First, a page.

Of course, you might. We say it all over the site: it ain’t a magic trick to find a copy of Back In The High Life that sounds as good as this one does. All you need is a reliable source for large numbers of British pressings, the right cleaning techniques, and the time to painstakingly shoot out your copies one by one. We recommend scheduling the better part of a day. It’s how we found this outstanding pressing, and it’s how we found every other title you see on our site.
We find great sounding records like this every day, and we do it the only way it can be done, the old-fashioned way: by working at it.
What We’re Listening For on Back in the High Life
- Energy for starters. What could be more important than the life of the music?
- Then: presence and immediacy. The vocals aren’t “back there” somewhere, lost in the mix. They’re front and center where any recording engineer worth his salt would put them.
- The Big Sound comes next — wall to wall, lots of depth, huge space, three-dimensionality, all that sort of thing.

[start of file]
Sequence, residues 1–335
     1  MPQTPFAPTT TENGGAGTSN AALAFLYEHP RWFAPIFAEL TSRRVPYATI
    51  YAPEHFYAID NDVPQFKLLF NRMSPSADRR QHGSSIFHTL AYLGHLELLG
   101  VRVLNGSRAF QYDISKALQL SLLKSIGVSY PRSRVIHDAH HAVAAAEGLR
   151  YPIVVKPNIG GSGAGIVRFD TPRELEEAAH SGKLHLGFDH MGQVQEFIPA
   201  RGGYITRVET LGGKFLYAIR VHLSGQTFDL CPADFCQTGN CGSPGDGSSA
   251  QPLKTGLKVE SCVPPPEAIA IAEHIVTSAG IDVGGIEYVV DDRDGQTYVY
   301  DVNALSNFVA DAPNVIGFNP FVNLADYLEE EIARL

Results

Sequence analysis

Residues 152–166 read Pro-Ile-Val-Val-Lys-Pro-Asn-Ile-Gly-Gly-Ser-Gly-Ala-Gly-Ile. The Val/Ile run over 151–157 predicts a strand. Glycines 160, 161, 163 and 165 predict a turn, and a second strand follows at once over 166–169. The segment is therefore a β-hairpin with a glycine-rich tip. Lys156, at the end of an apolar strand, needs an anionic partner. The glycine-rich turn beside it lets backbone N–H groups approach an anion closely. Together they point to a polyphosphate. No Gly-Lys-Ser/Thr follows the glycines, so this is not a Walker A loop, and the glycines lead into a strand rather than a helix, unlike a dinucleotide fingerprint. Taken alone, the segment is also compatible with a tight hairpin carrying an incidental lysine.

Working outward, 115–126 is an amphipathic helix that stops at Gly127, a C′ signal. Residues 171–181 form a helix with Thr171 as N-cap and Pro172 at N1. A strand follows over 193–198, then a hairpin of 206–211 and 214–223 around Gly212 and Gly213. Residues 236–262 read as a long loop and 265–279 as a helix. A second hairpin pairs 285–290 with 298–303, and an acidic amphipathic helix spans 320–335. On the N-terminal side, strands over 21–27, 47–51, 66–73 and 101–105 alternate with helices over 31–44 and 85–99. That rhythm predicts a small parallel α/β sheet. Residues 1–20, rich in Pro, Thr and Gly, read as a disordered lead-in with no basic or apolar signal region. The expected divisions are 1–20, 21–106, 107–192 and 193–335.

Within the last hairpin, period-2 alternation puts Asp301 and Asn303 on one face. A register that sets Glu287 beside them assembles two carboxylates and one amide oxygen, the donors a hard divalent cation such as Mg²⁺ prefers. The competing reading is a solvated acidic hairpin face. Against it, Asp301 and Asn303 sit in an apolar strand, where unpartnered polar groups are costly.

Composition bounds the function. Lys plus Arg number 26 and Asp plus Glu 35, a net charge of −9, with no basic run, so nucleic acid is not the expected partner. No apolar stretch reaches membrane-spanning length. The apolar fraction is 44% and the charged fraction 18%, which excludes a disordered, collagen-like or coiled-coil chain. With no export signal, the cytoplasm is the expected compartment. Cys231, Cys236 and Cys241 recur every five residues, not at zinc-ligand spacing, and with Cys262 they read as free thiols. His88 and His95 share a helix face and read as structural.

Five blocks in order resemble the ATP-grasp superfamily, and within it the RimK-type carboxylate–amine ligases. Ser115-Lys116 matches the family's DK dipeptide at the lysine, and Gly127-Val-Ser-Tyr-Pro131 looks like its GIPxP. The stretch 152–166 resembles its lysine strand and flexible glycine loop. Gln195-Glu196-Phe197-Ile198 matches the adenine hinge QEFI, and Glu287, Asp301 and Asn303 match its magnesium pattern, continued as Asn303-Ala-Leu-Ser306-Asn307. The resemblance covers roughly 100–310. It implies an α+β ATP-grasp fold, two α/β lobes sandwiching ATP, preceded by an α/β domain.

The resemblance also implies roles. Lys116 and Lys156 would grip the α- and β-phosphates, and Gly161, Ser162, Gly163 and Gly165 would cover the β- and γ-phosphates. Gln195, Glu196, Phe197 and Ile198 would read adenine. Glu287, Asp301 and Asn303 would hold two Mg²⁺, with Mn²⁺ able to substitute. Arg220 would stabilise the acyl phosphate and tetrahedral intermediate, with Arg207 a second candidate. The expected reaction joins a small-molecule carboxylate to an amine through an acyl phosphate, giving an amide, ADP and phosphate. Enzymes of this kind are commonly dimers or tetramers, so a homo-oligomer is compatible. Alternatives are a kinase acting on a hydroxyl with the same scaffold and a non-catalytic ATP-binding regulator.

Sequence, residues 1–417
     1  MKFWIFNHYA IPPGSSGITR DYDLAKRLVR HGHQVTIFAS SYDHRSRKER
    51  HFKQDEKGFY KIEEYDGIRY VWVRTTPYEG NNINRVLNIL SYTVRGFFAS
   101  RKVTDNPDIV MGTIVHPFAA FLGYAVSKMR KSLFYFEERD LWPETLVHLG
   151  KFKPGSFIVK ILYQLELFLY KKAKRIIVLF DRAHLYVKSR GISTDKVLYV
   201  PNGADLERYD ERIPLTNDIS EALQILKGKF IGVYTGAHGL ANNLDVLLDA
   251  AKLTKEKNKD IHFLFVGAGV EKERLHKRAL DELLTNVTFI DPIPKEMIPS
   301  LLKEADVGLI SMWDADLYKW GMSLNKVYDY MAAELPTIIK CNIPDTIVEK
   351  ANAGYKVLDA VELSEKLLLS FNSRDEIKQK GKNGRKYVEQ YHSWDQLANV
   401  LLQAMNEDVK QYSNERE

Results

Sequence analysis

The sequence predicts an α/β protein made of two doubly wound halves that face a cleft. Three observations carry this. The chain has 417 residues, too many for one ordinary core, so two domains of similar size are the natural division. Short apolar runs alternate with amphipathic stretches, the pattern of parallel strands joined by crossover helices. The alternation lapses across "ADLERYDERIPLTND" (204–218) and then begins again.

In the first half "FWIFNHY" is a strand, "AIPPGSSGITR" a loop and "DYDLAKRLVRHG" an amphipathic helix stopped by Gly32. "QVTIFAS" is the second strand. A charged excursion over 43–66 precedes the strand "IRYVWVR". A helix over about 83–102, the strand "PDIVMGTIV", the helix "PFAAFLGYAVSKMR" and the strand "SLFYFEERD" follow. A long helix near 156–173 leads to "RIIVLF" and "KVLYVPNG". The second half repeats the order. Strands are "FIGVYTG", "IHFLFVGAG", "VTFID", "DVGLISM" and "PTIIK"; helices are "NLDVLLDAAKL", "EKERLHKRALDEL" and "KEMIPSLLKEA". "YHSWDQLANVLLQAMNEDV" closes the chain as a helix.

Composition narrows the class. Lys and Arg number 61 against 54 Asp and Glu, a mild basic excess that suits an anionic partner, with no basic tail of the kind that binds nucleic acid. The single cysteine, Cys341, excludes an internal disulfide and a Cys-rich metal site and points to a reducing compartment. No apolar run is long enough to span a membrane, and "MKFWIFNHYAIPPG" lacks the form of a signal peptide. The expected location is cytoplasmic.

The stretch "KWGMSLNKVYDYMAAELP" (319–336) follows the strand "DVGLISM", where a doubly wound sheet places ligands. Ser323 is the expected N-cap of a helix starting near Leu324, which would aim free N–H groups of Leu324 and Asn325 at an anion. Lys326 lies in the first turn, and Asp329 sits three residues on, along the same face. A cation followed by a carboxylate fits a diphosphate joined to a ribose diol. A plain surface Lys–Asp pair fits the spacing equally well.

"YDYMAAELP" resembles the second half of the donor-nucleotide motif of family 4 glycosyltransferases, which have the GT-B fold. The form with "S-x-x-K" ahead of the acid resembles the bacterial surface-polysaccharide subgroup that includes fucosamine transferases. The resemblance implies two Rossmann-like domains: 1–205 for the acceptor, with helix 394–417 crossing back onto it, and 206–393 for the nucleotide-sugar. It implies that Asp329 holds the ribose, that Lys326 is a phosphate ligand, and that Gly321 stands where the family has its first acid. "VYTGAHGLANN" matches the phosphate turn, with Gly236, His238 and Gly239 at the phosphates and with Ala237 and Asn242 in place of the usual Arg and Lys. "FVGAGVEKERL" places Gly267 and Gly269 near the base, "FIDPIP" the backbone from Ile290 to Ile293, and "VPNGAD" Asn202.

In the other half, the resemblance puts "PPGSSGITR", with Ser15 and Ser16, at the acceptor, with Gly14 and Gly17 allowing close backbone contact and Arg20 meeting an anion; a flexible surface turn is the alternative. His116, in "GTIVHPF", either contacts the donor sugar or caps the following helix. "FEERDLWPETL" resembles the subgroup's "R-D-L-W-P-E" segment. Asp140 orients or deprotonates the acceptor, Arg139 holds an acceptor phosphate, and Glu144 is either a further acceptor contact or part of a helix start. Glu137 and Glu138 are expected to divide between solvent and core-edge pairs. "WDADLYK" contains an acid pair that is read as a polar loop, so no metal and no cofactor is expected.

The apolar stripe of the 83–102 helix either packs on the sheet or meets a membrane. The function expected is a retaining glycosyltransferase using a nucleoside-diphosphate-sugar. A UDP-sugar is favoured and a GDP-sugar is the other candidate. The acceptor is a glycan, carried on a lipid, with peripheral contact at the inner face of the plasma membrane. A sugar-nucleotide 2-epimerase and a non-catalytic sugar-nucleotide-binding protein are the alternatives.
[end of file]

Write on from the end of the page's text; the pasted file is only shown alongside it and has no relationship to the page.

- Then transient information — fast, clear, sharp attacks, not the smear and thickness so common to these LPs.
- Tight punchy bass — which ties in with good transient information, also the issue of frequency extension further down.
- Next: transparency — the quality that allows you to hear deep into the soundfield, showing you the space and air around all the instruments.
- Extend the top and bottom and voila, you have The Real Thing — an honest to goodness Hot Stamper.
Brit Vs Domestic
It’s no contest. The British early pressings are the only way to go. The domestic pressings are clearly made from dubs and sound dull, smeary, flat and small.
Winwood’s Best Solo Album
We consider this release from 1986 the man’s Masterpiece.
Take It as It Comes
Back in the High Life
The Finer Things
Wake Me up on Judgement Day
My Love’s Leavin’
Turning to involved percussion tracks and horns, Winwood turns another musical corner on this sophisticated album, which contains echoes of everything from gospel to Caribbean music. Contains the number one hit Higher Love.
Rolling Stone Rave Review (1986)